Frivolous Lawsuits a Red Herring for High Louisiana Premiums
Posted on Apr 1 , 2013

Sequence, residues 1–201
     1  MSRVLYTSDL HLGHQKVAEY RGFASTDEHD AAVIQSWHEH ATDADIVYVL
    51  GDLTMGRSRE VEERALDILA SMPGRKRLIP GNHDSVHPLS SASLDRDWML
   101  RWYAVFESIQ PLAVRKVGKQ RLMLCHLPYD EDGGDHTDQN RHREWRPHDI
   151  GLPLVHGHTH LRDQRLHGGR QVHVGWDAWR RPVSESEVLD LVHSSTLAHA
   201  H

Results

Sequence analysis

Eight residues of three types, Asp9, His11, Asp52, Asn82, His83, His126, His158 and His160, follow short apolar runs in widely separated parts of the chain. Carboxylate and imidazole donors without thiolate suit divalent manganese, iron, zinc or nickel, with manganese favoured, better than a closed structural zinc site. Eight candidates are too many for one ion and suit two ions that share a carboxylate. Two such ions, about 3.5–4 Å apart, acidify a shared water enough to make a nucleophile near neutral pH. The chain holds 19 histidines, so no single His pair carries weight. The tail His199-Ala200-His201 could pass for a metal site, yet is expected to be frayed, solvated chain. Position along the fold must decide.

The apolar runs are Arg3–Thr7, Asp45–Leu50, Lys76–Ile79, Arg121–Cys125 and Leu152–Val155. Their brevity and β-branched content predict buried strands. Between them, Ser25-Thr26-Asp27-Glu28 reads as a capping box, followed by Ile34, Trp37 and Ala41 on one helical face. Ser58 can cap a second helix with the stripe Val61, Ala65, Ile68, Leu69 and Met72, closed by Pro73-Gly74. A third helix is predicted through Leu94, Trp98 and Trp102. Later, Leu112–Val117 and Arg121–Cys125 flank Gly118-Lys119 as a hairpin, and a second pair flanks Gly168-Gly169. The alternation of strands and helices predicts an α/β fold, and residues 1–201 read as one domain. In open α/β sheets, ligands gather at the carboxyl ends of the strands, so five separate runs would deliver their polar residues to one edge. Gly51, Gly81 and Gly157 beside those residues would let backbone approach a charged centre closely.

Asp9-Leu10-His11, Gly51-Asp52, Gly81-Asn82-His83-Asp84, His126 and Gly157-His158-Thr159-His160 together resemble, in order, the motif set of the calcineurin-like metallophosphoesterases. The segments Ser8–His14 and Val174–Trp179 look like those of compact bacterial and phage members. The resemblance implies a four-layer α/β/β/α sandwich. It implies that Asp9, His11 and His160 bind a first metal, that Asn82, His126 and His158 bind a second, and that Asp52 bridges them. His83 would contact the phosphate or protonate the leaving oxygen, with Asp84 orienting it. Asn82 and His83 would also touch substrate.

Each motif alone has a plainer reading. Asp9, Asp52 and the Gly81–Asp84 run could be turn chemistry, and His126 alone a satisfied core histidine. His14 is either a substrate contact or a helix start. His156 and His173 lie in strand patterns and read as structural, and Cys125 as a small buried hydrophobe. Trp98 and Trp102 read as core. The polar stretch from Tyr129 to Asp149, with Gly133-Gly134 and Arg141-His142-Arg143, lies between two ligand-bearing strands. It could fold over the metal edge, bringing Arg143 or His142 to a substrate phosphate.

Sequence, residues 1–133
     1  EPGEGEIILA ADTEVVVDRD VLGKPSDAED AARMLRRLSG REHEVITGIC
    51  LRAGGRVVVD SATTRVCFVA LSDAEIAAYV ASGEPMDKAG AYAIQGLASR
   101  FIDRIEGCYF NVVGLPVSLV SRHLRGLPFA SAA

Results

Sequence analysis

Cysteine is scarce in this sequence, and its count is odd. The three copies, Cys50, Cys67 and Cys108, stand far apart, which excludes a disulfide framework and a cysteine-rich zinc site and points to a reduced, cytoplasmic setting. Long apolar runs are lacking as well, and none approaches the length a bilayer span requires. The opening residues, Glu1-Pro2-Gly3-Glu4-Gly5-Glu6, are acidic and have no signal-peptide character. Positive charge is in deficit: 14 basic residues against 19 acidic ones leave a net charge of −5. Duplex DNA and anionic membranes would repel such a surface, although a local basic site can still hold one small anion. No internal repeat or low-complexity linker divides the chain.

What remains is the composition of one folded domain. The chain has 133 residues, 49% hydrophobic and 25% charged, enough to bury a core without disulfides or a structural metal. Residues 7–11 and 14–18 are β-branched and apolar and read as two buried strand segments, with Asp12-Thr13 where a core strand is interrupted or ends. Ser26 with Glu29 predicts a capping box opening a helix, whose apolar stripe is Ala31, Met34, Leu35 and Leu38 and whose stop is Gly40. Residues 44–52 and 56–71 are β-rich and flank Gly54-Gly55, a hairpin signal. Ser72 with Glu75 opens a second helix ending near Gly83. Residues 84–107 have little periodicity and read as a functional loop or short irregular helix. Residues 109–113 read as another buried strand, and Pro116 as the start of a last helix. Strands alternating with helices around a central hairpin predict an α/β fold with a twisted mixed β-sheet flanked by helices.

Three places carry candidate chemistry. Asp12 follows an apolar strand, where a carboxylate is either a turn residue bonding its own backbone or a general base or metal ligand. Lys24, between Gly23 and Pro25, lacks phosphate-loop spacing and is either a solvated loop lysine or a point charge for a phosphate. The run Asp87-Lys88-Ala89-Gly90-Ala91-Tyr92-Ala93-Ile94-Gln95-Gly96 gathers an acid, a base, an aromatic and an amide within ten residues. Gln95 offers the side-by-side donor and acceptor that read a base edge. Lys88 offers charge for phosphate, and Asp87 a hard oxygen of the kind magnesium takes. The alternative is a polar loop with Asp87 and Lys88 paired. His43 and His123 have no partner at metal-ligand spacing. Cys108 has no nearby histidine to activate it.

Automobile insurance rates are higher in Louisiana than in almost anywhere else in the country. If you listen to the insurance companies, you might think that the state's high rates are due to an overabundance of frivolous lawsuits and zealous litigants trying to abuse Louisiana's judicial system for a quick profit. Unfortunately, this is just clever cover for the insurance companies' desire to maximize profits by limiting the rights of injured passengers and drivers. In reality, Louisiana's high premiums are due to a complex mix of factors. Louisianans at Higher Risk for Accident or Theft Part of the reason that car insurance is so expensive is simply that Louisianans tend to get in car accidents more frequently than drivers in other parts of the country. According to State Farm - the state's largest insurer - Louisiana has more accident claims per capita than any other state. At least one study has deemed Louisiana drivers the worst in the nation. It based that dubious distinction on the state's high incidences of traffic fatalities, drunk driving and careless driving behavior. To make matters worse, the state's roads consistently rank among the most poorly maintained in the entire country. Additionally, car insurance rates are another area where Hurricane Katrina is leaving a lasting legacy. Approximately 300,000 vehicles were destroyed in the storm and these losses have become part of the rate base. Louisiana also has a high rate of car thefts. Simply put, when it's more likely a car will be damaged or stolen, it's more expensive to insure it. Louisiana's relatively high poverty rate and number of people without health insurance also plays into car insurance costs. Low-income people are generally more likely to sue after a becoming injured in a car accident because they do not have any other way to pay to cover their expensive medical bills and lost wages. Limiting the Rights of the Injured Won't Reduce Costs Insurance companies would like Louisianans to believe that limiting the rights of the injured will reduce auto accident costs. Specifically, they want to lower the $50,000 limit for jury trials because they say judges are too friendly with personal injury attorneys. This couldn't be farther from the truth. In reality, juries tend to award higher verdicts than judges. But, judicial trials are streamlined and take less time, saving money for the legal system. Further, Louisiana courts favor motions for summary judgment, which dismiss non-meritorious lawsuits at the beginning of the court process. Very few attorneys would ever be willing - or even able - to take a frivolous lawsuit to trial. The truth is that civil remedies exist for a reason, and injured Louisianans deserve to have their rights protected. Instead of blaming the victims, all Louisianans need to do more to make the state a safer place to drive.